With 32” LCD TVs going for less than $100 these days and the old-fashioned picture tube models piling up in landfills, one has to start looking at the latest and greatest new television alternative: 3D television, or 3D TV for short.
Before looking at what 3D TV actually offers, it is important to point out the other alternatives out there for those on the market for a new television these days. The three other alternatives are LCD, LED and plasma.
With LCD TVs, these tend to be the cheapest models on the market. Work well in bright rooms, and have some issues when viewing at a wide angle. Decent enough picture for most people. LED TVs aren’t much more than thinner LCDs, with some added backlighting for better picture quality in darker rooms. They tend to be more expensive than LCD models but are the lowest energy consumer of the bunch.
The third model to consider is plasma. These are the best and the brightest of the three, and work great if your room situation warrants; i.e. total darkness. They do not fail when viewing from an angle.
There are also projection TVs, which live in a world of their own. These have a projector that shoots the image out onto a wall at a size determined by the distance to the wall. It is hard to compare these to the rest of the technologies. .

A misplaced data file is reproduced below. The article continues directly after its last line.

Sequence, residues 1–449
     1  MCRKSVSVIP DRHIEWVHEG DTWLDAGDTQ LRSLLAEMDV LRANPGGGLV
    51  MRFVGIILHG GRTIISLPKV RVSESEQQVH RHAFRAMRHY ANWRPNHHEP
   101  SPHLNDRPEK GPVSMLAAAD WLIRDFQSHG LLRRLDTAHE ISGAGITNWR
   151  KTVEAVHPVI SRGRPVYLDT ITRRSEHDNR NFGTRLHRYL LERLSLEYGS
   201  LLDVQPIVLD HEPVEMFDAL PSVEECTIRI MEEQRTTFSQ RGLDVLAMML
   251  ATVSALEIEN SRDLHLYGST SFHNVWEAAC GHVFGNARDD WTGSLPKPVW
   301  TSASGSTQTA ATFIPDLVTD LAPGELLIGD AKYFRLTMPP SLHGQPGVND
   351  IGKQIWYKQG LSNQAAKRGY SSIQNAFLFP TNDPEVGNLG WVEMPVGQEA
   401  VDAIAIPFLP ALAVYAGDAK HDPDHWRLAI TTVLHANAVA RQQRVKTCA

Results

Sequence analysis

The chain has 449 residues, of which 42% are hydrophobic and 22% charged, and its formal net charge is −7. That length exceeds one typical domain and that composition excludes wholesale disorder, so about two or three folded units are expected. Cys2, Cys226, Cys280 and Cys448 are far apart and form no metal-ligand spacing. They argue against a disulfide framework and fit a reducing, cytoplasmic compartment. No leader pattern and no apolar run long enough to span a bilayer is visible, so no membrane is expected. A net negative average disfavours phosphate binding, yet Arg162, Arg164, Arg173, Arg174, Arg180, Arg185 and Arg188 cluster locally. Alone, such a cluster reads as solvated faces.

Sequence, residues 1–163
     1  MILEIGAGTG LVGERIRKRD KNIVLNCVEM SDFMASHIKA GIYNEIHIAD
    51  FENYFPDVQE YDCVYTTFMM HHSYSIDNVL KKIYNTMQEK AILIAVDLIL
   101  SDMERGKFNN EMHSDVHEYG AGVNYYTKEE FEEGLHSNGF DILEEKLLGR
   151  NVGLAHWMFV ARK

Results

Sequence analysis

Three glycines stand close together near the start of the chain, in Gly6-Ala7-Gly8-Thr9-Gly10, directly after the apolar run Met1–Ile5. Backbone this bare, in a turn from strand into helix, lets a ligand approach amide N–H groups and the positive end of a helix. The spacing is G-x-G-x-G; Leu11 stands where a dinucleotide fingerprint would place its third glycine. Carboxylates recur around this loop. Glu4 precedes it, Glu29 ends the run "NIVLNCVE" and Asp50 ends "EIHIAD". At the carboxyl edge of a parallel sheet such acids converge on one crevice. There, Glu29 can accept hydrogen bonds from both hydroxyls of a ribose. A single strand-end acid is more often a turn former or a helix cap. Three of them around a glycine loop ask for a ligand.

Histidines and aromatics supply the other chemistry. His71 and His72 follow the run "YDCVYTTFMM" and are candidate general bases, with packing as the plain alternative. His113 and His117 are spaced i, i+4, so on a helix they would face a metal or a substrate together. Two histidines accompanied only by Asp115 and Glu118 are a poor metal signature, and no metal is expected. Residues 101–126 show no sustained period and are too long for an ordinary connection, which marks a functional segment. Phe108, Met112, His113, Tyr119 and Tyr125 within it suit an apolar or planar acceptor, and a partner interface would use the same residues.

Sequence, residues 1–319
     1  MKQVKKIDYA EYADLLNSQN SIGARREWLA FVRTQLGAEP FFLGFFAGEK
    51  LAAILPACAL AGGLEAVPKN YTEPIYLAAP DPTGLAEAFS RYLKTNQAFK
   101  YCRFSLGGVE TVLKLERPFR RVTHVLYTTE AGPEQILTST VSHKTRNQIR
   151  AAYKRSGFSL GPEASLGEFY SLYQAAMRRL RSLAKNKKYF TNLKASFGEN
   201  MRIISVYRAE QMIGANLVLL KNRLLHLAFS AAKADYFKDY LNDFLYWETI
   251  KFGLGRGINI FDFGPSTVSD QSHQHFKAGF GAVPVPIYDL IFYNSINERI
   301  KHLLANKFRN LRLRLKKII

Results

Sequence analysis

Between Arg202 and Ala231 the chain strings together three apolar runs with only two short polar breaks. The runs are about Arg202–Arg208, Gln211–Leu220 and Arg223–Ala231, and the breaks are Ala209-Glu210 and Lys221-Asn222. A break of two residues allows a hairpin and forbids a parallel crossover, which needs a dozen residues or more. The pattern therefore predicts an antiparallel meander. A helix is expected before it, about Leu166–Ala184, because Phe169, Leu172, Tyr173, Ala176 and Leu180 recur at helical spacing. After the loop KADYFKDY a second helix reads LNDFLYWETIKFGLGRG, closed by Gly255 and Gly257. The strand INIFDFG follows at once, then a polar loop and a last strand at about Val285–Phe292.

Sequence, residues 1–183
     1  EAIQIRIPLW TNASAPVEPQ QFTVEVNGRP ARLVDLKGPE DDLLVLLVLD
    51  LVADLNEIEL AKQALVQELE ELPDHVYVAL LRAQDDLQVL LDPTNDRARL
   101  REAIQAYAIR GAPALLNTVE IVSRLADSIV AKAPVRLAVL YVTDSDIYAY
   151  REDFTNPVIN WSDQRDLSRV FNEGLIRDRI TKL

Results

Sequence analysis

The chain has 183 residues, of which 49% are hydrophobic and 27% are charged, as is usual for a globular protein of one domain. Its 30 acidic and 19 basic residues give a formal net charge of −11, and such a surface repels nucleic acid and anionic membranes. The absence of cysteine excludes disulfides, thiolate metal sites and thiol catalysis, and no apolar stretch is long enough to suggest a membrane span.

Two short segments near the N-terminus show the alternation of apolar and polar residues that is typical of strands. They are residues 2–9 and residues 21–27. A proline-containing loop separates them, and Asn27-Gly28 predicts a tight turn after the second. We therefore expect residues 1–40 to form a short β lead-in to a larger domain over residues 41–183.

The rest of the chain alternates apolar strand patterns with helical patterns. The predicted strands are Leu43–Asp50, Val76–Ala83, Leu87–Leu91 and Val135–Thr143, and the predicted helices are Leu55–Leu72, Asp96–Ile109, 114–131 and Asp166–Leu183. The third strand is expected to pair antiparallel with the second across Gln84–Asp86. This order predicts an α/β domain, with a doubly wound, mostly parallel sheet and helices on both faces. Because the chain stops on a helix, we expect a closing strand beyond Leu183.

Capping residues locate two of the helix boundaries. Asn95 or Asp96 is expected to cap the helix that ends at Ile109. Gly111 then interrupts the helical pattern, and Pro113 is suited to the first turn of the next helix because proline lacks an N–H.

Where does that leave 3D TV? Have you been to an IMAX cinema recently to watch 3D movies? You can get that now from the comfort of your own home. You can even wear the glasses, too, looking like you’re in a virtual reality session. And, thanks to several cable companies,there are dedicated television channels in 3D, in addition to all the big-screen favorites you love. You’ll need to check with your local cable company to see what they offer, but some channels available in certain parts of the world include ESPN 3D, MSG 3D for New York Cablevision subscribers, Xfinity 3D for New England Comcast subscribers and Sky 3D over in Europe. Parts of the recent London Olympics were also broadcast in 3D.
There are three types of 3D TV setups. The glasses are a requirement for the active shutter and polarized 3D systems. While the autostereoscopic setup doesn’t require you to wear any glasses when watching. Each watcher needs their own pair of glasses for active and polarized systems. With active shutter, the glasses alternate showing the image to one eye, then the other and then repeat. Polarized (or passive) systems, on the other hand, limit light through the lenses such that your mind thinks images are layered within the view. As mentioned, autostereoscopic provides 3D imagery without glasses. The limitation here is the viewing angle, generally 60 degrees horizontally and 30 vertically.
So, Where to from Here?
With the research done, the decision comes down to different factors of your life. Is there enough 3D programming available to warrant buying a 3D system just now? Much of the current programming is sports-based. Do you like sports enough to watch? How long will the novelty last and how many pairs of glasses do you need to buy? When you’re not watching 3D TV, which will typically run at at least 90% of the time the TV is on, you still get to watch the TV in 2D mode, at 1080p. That’s not bad, but is the added cost?